I’ve spent a couple of days fettling the joints. I quickly realised that it was vertical movement that had caused the issue so I was able to get away with some packing under the copperclad strip on one side - I used thick paper and only needed three or four layers to correct it.
When it came to the overbridge, it was a different matter - I had made a complete dog’s breakfast of the job with the heights of the supports resembling something from a theme park.
I cut a new track bed from 3mm ply and after lifting the track, slid it between the old track bed and the track. I then lifted the new track bed up to the track, which was following a much gentler slope, and measured and cut new supports. Embankments will hide a multitude of sins. All that was left to do was resolder the track to the copperclad to correct the alignment.

Image20210426_152442 by Steve Mumford, on Flickr

Also found time to cut the basic templates for the platforms. Started by making them out of cardboard, using a pen held against the side of a long carriage to mark the lines and allow for overhang. Transferred this shape to some 12mm ply (very poor quality wood) which will be refined once the platform walls are made and clearances checked. Eventually the templates will be used to shape some better quality 18mm ply.

Image20210426_152426 by Steve Mumford, on Flickr
"Not very stable, but incredibly versatile." ;)
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Steve M
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Re: WEST ORTON

#107

Post by Steve M »

The creative juices aren’t flowing today - had to satisfy myself with piling up some insulation in one corner to get an idea of what may be possible. This is as far as I got before the wire in my foam cutter snapped. In cases like this, Amazon is my friend.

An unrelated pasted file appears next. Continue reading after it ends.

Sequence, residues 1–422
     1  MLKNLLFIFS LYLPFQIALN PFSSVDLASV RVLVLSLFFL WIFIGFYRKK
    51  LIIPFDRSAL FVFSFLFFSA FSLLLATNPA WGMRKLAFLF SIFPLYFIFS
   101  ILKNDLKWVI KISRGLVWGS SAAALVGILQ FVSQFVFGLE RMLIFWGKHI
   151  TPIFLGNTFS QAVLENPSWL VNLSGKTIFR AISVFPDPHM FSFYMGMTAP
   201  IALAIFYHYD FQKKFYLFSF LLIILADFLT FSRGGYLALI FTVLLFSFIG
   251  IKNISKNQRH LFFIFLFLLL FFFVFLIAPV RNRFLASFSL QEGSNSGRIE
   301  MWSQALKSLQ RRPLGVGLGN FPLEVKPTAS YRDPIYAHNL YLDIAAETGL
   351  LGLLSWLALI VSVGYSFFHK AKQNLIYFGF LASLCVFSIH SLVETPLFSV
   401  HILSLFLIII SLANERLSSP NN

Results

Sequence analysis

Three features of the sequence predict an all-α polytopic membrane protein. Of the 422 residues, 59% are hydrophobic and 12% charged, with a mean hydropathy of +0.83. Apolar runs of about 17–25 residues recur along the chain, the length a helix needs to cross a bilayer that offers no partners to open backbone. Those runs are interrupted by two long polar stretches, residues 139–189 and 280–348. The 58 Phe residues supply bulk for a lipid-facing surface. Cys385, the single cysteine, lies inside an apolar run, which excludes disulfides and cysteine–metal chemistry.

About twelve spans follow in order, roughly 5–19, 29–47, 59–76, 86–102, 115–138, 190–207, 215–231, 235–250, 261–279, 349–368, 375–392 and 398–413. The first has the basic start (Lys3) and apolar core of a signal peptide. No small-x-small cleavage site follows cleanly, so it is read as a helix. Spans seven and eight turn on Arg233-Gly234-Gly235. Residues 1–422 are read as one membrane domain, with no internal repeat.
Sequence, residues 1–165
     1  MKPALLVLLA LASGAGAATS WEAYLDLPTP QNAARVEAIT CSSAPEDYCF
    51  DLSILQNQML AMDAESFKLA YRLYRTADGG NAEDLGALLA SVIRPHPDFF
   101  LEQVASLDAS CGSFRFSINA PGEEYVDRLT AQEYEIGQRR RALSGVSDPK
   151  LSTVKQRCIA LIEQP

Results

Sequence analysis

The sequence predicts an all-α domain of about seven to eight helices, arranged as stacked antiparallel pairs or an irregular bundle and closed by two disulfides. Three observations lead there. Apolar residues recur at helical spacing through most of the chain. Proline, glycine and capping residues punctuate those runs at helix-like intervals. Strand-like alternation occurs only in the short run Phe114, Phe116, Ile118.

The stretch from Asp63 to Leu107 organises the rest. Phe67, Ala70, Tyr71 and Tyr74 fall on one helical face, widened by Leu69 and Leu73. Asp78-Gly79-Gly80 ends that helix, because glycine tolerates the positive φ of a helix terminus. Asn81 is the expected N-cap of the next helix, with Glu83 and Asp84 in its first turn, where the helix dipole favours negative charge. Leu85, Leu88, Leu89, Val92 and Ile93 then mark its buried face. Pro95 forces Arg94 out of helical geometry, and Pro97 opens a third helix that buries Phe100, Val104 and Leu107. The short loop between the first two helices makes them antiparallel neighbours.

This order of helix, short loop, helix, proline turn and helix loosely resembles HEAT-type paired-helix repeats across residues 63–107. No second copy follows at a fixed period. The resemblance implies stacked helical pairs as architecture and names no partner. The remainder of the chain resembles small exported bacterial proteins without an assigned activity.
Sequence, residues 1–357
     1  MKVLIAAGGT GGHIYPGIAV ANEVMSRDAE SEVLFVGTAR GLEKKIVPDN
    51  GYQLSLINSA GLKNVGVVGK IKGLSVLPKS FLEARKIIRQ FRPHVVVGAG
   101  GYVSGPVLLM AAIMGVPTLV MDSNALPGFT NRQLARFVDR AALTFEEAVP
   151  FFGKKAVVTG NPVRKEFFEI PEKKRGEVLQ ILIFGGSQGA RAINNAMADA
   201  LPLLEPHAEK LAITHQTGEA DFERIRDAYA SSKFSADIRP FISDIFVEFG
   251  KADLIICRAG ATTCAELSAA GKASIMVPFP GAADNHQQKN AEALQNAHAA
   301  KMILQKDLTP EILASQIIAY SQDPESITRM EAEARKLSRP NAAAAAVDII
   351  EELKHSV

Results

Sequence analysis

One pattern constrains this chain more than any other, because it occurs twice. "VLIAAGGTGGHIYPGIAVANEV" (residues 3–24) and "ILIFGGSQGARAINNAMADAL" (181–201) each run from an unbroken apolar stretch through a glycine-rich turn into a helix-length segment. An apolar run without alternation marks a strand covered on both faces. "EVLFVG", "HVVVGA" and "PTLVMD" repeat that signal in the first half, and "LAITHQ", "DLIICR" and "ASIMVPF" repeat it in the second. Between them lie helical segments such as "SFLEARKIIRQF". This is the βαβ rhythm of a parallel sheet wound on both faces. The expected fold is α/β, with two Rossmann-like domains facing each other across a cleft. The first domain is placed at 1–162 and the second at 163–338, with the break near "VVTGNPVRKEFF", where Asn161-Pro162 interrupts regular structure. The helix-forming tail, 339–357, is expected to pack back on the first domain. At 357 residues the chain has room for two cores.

Image2021-04-27_02-49-14 by Steve Mumford, on Flickr

I’ve also started collecting the bits I need to start casting platform sides and coping stones that can be manipulated around the curved platforms. I still need to resolve some ideas on how best to achieve the effect that I want - clear mind and no distractions needed for that I reckon.
Last edited by Steve M on Tue Apr 27, 2021 6:42 pm, edited 1 time in total.
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bulleidboy
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Re: WEST ORTON

#108

Post by bulleidboy »

It's going to look great - I do like the multi-level you've achieved - if only I had more room :cry:
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RogerB
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Re: WEST ORTON

#109

Post by RogerB »

I’m just so impressed with how you can visualise what you want to achieve - and, after a bump or two, it works. R-
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Mr Bones
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Re: WEST ORTON

#110

Post by Mr Bones »

Steve M wrote: Mon Apr 26, 2021 3:44 pm When it came to the overbridge, it was a different matter - I had made a complete dog’s breakfast of the job with the heights of the supports resembling something from a theme park.
It's really coming along nicely and at least you only made one dog's breakfast! I make so many I could open my own kennel's :roll:
And the Lord said unto John “Come forth and receive eternal life”, but John came fifth and won a toaster!